This section contains requirements relating to Fedora Editions: not to any specific edition, but to editions in general.
For each Edition, the installer must be clearly identified as that Edition in all of that Edition's installable release-blocking images. Also, for any deployment of that Edition in accordance with the rest of these criteria, the relevant fields in
/etc/os-release must include the correct Edition name. Release-blocking images that are not part of any edition must not identify themselves as being part of any edition.
Release-blocking images must boot
All release-blocking images must boot in their supported configurations.
'Basic graphics mode' boot mode behavior
The generic video driver option ('basic graphics mode' - as described in the Basic criteria) on all release-blocking installer and live images must function as intended (launching the installer or desktop and attempting to use a generic driver), and there must be no bugs that clearly prevent the installer or desktop from being reached in this configuration on all systems or on wide classes of hardware.
No broken packages
There must be no errors in any package on the release-blocking images which cause the package to fail to install.
Media consistency verification
Validation of install media must work correctly for all release-blocking images.
Live image persistent overlays
The release-blocking live images must properly support mounting and using a persistent storage overlay for the entire system and/or one for the /home partition.
Package and installer sources
The installer must be able to use all supported local and remote package and installer sources.
Network attached storage
The installer must be able to detect (if possible) and install to supported network-attached storage devices.
The installer must be able to complete an installation using all supported interfaces.
When installing with the generic network install image with no update repositories enabled, the installer must be able to install the minimal package set.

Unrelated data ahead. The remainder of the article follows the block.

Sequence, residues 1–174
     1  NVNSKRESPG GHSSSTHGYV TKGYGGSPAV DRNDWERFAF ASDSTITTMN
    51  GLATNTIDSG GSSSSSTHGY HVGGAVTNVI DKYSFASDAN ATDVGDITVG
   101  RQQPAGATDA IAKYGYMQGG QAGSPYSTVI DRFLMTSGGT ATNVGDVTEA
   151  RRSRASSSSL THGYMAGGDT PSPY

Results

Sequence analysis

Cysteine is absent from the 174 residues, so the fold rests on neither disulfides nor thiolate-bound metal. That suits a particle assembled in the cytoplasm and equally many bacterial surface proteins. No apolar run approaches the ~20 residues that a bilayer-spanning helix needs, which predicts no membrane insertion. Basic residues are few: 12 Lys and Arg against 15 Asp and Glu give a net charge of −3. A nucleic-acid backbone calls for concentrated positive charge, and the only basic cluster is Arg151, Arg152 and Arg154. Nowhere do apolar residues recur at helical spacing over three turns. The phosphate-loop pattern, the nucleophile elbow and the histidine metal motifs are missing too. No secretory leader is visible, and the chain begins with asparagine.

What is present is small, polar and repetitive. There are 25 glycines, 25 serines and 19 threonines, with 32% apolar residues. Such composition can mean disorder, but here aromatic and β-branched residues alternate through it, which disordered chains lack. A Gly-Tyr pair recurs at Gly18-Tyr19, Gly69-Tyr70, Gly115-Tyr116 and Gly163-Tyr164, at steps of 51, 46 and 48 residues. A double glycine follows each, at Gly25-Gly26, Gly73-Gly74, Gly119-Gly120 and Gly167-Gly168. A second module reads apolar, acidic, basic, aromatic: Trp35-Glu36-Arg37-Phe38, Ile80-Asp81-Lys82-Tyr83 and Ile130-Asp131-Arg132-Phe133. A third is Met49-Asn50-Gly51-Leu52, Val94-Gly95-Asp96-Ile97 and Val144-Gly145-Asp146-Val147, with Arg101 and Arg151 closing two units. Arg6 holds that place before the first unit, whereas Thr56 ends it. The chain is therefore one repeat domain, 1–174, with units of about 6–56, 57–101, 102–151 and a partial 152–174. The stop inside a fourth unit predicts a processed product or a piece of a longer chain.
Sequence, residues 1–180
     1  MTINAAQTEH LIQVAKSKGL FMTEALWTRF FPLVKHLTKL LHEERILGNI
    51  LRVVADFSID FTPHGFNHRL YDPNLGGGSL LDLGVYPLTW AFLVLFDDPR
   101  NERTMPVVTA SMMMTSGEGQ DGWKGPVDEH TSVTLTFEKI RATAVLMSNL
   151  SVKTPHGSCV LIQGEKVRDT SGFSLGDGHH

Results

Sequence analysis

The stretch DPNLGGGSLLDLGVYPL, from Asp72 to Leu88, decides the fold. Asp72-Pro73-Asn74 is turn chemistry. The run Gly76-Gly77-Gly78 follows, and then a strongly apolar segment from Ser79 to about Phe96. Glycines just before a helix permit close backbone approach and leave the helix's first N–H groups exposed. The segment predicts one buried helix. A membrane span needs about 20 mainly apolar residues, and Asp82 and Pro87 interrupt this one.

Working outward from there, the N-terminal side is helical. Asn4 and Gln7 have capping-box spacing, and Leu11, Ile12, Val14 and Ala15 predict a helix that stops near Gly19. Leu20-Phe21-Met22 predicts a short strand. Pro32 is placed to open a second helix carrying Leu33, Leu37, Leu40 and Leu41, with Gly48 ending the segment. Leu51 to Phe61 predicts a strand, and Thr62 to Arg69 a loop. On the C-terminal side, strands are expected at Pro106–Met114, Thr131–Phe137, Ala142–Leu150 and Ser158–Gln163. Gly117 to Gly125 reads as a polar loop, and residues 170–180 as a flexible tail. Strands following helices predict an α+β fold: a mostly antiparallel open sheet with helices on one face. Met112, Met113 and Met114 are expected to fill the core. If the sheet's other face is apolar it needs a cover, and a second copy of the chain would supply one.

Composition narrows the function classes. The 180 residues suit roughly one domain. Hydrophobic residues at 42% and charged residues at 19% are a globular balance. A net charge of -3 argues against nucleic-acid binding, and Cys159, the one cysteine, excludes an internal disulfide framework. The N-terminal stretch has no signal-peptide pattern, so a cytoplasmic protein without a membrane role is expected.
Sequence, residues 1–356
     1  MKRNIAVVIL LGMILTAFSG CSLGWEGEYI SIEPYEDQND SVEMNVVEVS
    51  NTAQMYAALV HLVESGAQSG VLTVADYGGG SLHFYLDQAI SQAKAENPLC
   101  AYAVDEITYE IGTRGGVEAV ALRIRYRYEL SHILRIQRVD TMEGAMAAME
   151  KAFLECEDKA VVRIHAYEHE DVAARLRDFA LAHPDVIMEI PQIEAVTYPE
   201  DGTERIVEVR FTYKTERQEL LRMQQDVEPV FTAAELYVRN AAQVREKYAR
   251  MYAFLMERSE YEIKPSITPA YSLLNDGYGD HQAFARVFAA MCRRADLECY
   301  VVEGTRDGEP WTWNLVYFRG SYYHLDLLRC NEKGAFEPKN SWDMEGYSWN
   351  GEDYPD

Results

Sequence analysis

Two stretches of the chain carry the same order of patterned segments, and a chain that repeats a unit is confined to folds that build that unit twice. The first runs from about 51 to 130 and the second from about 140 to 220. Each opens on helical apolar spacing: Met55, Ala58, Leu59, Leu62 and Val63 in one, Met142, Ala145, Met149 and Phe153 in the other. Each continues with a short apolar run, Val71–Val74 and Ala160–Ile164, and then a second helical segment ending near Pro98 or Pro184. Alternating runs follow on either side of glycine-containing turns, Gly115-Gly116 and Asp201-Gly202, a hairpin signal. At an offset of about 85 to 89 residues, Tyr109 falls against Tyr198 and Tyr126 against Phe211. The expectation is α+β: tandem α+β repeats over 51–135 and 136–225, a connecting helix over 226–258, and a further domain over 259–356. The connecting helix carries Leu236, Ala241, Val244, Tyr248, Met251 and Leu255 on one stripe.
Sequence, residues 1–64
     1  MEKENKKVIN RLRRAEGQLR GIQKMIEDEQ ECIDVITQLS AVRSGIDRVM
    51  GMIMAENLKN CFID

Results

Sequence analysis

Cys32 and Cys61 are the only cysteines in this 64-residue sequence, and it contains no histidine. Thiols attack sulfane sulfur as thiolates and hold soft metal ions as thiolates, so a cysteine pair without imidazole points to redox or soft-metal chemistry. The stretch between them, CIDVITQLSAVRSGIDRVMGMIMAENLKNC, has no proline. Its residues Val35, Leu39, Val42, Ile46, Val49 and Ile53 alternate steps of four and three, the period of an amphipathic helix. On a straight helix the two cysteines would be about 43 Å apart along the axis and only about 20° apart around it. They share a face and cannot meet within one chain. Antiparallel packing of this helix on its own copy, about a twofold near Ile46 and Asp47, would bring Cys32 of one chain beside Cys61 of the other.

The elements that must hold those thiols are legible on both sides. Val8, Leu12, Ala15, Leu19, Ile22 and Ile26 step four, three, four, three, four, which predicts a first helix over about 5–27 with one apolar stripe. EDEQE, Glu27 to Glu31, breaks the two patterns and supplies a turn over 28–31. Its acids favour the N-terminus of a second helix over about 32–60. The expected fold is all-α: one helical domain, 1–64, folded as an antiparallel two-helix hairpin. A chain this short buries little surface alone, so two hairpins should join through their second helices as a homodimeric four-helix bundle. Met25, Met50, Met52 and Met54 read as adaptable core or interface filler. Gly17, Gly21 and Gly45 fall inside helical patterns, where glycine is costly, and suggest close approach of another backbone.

The installer must be able to create and install to any workable partition layout using any file system and/or container format combination offered in a default installer configuration.
- The installer must be able to detect and install to firmware RAID storage devices.
Bootloader disk selection
The installer must allow the user to choose which disk the system bootloader will be installed to, and to choose not to install one at all.
Storage volume resize
Any installer mechanism for resizing storage volumes must correctly attempt the requested operation.
Windows dual boot
The installer must be able to install into free space alongside an existing clean Windows installation and install a bootloader which can boot into both Windows and Fedora.
OS X dual boot
The installer must be able to install into free space alongside an existing OS X installation, install and configure a bootloader that will boot Fedora.
The installer must be able to use an installer update image retrieved from removable media or a remote package source.
The installer must correctly display all sufficiently complete translations available for use.
Any element in the installer interface(s) which is clearly intended to display 'help' text must do so correctly when activated.
The release must boot successfully as Xen DomU with releases providing a functional, supported Xen Dom0 and widely used cloud providers utilizing Xen.